I just went out to pick a poo that Willow had left near the front door. It is a beautiful night — warm, not hot — comfortable — bright and sunny, the light from the not-quite-ready-to-set sun bouncing off fluffy white clouds against a brilliant blue sky — and it occurred to me I have lived more summers than I have left to live.
Continue reading at the new warrenbluhm.com
This is a little tricky, because I’m trying to reach you amid the noise and the distraction, right through the telescreen. You may never find the message through all the clamor, or if you do, it will have been an accident that you found this — but what a fortunate accident. And here we are.
Mr. Orwell’s prescient book never exactly explained how telescreens appeared in every house, on every street corner — how Big Brother established a system of constant surveillance. Well, you see how it happened now, don’t you, for here you are, reading the words on your personal telescreen, this handy and useful device that cost you hundreds of dollars and you carry with you everywhere? Yep, they made your chains so convenient and attractive that you just had to have them, right?
REMINDER: I have moved … please find future posts at warrenbluhm.com/my-blog/
Sometimes, when you’re feeling down, the most obvious thing to do escapes you: Look up.
There is so much sky there. And the Master Painter has produced so many masterpieces in every direction — sometimes I will take four pictures in six seconds and every one looks different, even though they were taken in the same moment.
We’re used to paintings on canvas, so we’re accustomed to viewing clouds in frames a foot or two wide — it’s east to forget that real clouds are miles long and the sky goes on forever, as far as any human can determine. When they say “the sky’s the limit,” what they mean to say is: There is no limit.
In a world where there are infinite ways to box yourself into a corner and feel trapped by circumstances or lost or alone, the limitless sky reminds us there is no box, there are limitless possibilities, and there is no limit. And in a world of 7 billion people, and billions and billions of other creatures (hear that bird singing over there?), you are never quite alone.
The sky can be a little intimidating — like when it brings storms instead of sun and gentle clouds — and when you consider how tiny you are in the midst of all that infinity — but it also shows us how vast this world and this universe are in comparison to whatever you think you’re facing alone.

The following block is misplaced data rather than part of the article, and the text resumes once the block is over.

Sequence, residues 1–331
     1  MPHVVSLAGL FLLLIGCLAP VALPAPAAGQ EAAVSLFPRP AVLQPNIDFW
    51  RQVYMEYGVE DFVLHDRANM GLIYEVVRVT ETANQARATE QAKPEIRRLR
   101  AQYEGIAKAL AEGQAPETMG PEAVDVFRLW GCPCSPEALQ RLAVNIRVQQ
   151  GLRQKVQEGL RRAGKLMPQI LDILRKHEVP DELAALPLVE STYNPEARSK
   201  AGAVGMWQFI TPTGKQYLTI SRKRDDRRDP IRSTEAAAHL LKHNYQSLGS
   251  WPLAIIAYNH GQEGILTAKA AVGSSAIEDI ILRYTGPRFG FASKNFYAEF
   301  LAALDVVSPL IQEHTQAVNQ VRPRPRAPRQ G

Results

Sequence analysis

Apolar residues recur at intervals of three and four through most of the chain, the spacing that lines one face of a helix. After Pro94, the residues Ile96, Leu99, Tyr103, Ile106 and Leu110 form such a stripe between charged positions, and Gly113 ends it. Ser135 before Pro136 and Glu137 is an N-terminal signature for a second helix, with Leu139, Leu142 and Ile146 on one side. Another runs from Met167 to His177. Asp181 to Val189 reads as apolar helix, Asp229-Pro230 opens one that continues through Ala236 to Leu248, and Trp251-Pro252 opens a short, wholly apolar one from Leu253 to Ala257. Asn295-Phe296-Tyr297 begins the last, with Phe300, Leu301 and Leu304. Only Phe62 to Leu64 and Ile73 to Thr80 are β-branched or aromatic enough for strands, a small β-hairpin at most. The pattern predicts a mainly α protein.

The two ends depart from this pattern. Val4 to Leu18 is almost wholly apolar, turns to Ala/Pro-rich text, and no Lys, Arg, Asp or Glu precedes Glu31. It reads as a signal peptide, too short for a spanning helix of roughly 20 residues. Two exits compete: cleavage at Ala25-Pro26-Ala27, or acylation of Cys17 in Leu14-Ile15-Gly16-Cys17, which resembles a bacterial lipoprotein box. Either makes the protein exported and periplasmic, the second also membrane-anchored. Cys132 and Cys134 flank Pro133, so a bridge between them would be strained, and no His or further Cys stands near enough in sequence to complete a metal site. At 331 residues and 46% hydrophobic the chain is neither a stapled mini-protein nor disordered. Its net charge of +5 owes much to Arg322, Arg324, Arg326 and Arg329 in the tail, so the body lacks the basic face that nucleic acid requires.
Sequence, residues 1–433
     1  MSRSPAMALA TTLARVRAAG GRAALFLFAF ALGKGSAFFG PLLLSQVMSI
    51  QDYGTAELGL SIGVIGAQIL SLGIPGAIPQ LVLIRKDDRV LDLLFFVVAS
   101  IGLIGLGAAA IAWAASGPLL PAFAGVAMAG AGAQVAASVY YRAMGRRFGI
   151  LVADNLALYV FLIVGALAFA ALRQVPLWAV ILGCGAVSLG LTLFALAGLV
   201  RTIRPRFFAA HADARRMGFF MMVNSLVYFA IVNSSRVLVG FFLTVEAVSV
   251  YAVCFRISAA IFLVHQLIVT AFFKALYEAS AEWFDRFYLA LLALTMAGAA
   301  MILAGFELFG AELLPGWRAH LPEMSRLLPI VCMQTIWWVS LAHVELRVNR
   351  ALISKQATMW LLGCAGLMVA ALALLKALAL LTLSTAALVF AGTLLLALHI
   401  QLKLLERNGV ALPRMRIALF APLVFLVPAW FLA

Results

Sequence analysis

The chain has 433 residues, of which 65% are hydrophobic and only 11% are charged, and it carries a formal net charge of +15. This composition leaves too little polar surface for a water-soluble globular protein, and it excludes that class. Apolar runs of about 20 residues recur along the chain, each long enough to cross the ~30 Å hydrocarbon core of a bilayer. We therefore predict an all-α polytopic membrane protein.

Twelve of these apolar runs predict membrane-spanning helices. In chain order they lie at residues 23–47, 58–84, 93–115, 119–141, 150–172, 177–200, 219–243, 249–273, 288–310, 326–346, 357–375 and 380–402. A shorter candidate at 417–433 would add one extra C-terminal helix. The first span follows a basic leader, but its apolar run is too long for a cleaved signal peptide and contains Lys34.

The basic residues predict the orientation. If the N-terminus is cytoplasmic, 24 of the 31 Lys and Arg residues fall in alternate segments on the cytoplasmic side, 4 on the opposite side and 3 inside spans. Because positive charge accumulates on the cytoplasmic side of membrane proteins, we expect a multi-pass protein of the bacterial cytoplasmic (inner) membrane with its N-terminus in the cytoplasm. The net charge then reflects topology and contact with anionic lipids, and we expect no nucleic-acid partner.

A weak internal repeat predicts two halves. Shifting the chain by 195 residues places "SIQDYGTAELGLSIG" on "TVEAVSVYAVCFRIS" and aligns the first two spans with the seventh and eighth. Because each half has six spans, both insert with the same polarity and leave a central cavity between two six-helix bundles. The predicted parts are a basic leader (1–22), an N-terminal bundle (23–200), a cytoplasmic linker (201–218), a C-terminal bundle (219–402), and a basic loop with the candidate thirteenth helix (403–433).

So: Keep looking down at what ails you in your little corner of the universe — or look up and see the infinite ways to break out and live. Take a deep breath and choose. My advice: Look up. The possibilities are out there. Continue reading “Look up into infinite possibilities”
After many years of blogging on other people’s platforms, I have shifted my online base of operations to my own actual authentic website, so to speak, if you please, thank you very much.
So, if you’ve enjoyed these musings and ramblings and such, please come visit me at, well, WarrenBluhm.com.
There’s a free ebook in it for you.
Run for the joy of running because your spirit cannot be contained in a walk.
Write for the joy of writing because your spirit can’t hold back the words.
Sing for the joy of singing because life has a melody and harmonies so pure and clear that it has to have music.
Speed across the page never-you-minding whether the phrase is perfect or awkward or pretty or odd, because the words have to spill out and never you mind whether they spilled out in a perfectly ordered order.
Because it’s fun to write, or it better be, because you’ve spent your life writing and the spirit who has never had fun is a sullen spirit indeed.
Attend to crasftsmanship? Craft away, child, but not until after you’ve said it all raw and full and with all the joy you can’t hold in your heart a minute more.
“Hello. My name is x and my mind wanders.”
“Hi, x,” intoned the others in the group.
“I’ve been sitting here for 20 minutes, and my head has been all over the place. I glanced at my phone until I realized what I was doing. I read some back pages of my journal, I sipped coffee, I added to the to-do list for today, and what I didn’t do until a few moments ago was write. It’s funny, because I call myself a writer. On the other hand, I recently discovered that preparing my mind to write is part of the writing process, but if all that fussing was prep, then I have prepared for 20 minutes during a period when I had 25 minutes total to write something.”
“Still,” one of the others said, “you did write something. So stop beating on yourself.”
Fear is an ugly thing. It contorts the face, boils the gut, and manifests in every unhealthy emotion – anger, worry, hatred. Fear can spread across the land, a virus more deadly than any microbe.
“Fear is the mind-killer,” Frank Herbert wrote: It robs us of our reason, strips love and compassion from our hearts, and brings out the monster in us.
The children of fear are slavery, tyranny and war.
When we overcome fear, we rise. Continue reading “When we live despite the urge to fear”
Darren Hardy, the motivational guy who once edited Success magazine, has a daily mentoring video called, well, Darren Daily, and the other day he talked about the old “Choose Your Own Adventure” books, where the story proceeds based on your choices at key moments. Life is a Choose Your Own Adventure, he said: Your choices determine your story, every day, all the time. Continue reading “Risk it”